11 May 2022
In this issue:
Despite the omni-present COVID-19, diabetes has recently been on the agenda in a number of different forums.
We have been supporting our colleagues at Diabetes NZ who tirelessly campaign for funded glucose monitoring devices, to address the current inequity of access to these life-changing technologies, especially for those living with type 1 diabetes.
The untimely loss of 52-year old former All Black Va’aiga “Inga” Tuigamala in February this year is a stark reminder of the devastating impact of type 2 diabetes.
Inga had worked hard to combat his own diabetes, and collaborated with Alliance Health Plus to establish Project ODICE to inspire others to do the same.
As COVID-19 continues to have an impact around the world, we see research emerging on the links between this virus and diabetes. Just last month, The Lancet Diabetes & Endocrinology published research showing that those previously infected with COVID-19 were 40% more likely to develop diabetes. With New Zealand now reporting one million confirmed cases of COVID-19, we can sadly expect further increases in the incidence of type 2 diabetes.
It is timely then, that the Ministry of Health has initiated consultation on a Diabetes Action Plan. While still in the initial phases of its development, I hope that with constructive input from all the communities involved in diabetes care and prevention in Aotearoa New Zealand, we can be in the best possible position to tackle the challenges ahead.
Director, Healthier Lives-He Oranga Hauora
If you happen to be in Dunedin this month, a visit to the Genome, Science of Life exhibition is highly recommended.
Created by Tūhura Otago Museum in partnership with Genomics Aotearoa, the exhibition features fascinating examples of how genomic research touches our everyday lives. It runs from 2–27 May at Tūhura Otago Museum.
“Genomics as a science has already changed our lives, but it is going to have even more impact in the near future”, said Genomics Aotearoa Director Professor Peter Dearden.
Healthier Lives is delighted that examples drawn from our Precision Medicine theme – research to equitably improve cancer monitoring and cardiovascular risk prediction – are showcased in this exhibition.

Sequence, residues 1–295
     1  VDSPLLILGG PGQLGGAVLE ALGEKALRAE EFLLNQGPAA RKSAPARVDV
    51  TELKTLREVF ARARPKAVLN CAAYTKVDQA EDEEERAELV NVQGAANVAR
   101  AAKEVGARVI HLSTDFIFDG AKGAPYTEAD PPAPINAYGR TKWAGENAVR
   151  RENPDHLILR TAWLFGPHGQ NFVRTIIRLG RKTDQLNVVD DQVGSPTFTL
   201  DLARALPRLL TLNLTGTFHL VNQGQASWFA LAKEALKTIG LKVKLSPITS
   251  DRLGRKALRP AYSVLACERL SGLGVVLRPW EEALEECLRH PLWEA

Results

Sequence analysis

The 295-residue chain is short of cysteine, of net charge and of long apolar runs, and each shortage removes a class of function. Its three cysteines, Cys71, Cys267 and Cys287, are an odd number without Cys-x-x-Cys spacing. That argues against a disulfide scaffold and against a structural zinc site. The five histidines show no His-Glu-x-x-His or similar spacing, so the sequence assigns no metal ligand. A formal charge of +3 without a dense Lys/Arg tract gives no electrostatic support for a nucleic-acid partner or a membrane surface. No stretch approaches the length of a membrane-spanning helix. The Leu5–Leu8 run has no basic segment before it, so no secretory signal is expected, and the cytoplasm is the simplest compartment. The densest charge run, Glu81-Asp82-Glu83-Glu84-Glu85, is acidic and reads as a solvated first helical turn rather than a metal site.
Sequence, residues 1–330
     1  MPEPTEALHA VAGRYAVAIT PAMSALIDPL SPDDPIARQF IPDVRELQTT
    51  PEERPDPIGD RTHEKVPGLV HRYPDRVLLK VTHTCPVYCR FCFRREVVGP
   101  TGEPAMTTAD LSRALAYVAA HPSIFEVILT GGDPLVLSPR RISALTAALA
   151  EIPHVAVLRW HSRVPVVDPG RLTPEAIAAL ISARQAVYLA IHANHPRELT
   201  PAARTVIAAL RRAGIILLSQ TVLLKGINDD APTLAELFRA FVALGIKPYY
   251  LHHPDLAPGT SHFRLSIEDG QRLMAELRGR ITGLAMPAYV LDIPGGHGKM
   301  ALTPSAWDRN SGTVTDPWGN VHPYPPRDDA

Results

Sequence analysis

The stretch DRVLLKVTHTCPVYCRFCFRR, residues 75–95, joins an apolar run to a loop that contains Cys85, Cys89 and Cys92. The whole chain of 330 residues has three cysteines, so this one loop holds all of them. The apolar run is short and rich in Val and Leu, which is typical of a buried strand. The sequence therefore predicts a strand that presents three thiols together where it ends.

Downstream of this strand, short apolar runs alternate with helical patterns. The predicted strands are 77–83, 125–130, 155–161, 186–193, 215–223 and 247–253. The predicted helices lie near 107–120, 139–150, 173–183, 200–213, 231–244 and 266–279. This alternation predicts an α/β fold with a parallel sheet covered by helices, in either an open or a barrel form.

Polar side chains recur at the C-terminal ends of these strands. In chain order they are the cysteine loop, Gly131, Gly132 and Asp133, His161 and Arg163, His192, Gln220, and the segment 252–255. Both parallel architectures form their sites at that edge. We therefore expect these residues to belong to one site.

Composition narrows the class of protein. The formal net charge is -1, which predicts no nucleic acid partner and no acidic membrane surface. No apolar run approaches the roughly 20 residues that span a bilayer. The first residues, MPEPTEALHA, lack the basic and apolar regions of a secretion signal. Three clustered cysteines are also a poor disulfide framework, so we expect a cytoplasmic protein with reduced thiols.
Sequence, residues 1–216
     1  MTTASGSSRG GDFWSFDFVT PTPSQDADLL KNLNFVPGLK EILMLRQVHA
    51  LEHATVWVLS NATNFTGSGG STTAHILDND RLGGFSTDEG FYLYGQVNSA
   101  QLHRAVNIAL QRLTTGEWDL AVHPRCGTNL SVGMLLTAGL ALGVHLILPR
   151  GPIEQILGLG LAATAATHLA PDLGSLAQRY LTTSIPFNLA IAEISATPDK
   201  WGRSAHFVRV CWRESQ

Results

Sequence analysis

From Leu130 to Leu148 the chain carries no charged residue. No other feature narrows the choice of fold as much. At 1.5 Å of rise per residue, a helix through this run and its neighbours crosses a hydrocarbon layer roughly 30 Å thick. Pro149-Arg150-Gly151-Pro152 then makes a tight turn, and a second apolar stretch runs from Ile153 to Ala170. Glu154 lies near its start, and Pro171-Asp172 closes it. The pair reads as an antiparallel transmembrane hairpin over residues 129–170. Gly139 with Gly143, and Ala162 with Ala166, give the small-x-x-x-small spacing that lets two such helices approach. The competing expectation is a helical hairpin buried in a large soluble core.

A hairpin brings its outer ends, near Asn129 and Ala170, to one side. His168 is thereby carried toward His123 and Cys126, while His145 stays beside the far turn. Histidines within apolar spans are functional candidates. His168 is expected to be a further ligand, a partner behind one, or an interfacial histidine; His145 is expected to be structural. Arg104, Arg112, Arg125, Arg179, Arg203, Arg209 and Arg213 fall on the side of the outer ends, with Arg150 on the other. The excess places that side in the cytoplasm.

Genome: Science of Life exhibition Otago Museum
Healthier Lives is pleased to announce funding for two new projects. Both are being commissioned in two stages, enabling the second stage to build on what is learned in the first.
Supporting the health system to deliver equitable outcomes
An implementation science project which aims to help the New Zealand health system produce more equitable health outcomes is led by Professor Sue Crengle (Kāi Tahu, Kāti Māmoe, Waitaha) in partnership with Waitematā DHB.
In stage one, the research team looked at international best practice and worked closely with the project kāhui and community advisory group to create two tools:
Funding of $1.8 million has now been awarded for stage two of the project, bringing the total funding for this research to $2.8 million. In stage two, the research team will test the effectiveness of these tools with a lung cancer screening intervention being trialled at Waitematā, Auckland, Counties Manukau and Northland District Health Boards. This trial, jointly funded by the Health Research Council, Te Aho o Te Kahu (Cancer Control Agency) and Ministry of Health will separately test ethnicity weighting for risk prediction of lung cancer in Māori. If they prove to be effective, wider use of the framework and equity readiness assessment tool offers a more systematic approach to implementing equitable health interventions.